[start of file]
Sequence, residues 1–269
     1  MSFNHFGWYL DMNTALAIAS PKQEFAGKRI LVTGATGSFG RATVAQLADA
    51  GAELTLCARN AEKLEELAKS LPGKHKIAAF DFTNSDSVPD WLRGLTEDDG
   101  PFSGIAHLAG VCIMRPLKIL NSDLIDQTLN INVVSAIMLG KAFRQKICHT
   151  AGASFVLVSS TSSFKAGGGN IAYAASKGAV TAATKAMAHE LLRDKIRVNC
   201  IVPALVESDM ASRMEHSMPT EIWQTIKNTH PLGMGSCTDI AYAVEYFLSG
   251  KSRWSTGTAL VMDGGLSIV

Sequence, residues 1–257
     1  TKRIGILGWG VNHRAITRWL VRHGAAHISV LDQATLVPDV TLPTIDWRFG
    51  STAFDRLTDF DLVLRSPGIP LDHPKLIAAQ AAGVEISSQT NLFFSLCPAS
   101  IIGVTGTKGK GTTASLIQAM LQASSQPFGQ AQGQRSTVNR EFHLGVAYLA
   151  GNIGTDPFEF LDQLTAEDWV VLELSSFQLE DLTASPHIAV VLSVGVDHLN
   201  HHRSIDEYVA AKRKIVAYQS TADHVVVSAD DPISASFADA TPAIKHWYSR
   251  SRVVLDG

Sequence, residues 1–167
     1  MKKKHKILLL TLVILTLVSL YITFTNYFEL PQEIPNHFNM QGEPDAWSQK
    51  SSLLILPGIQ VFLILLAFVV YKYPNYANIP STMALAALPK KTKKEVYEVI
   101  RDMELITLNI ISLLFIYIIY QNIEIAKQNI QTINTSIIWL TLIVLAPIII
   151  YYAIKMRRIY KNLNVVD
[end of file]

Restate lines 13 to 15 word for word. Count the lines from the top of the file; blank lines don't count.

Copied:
   201  HHRSIDEYVA AKRKIVAYQS TADHVVVSAD DPISASFADA TPAIKHWYSR
   251  SRVVLDG

Sequence, residues 1–167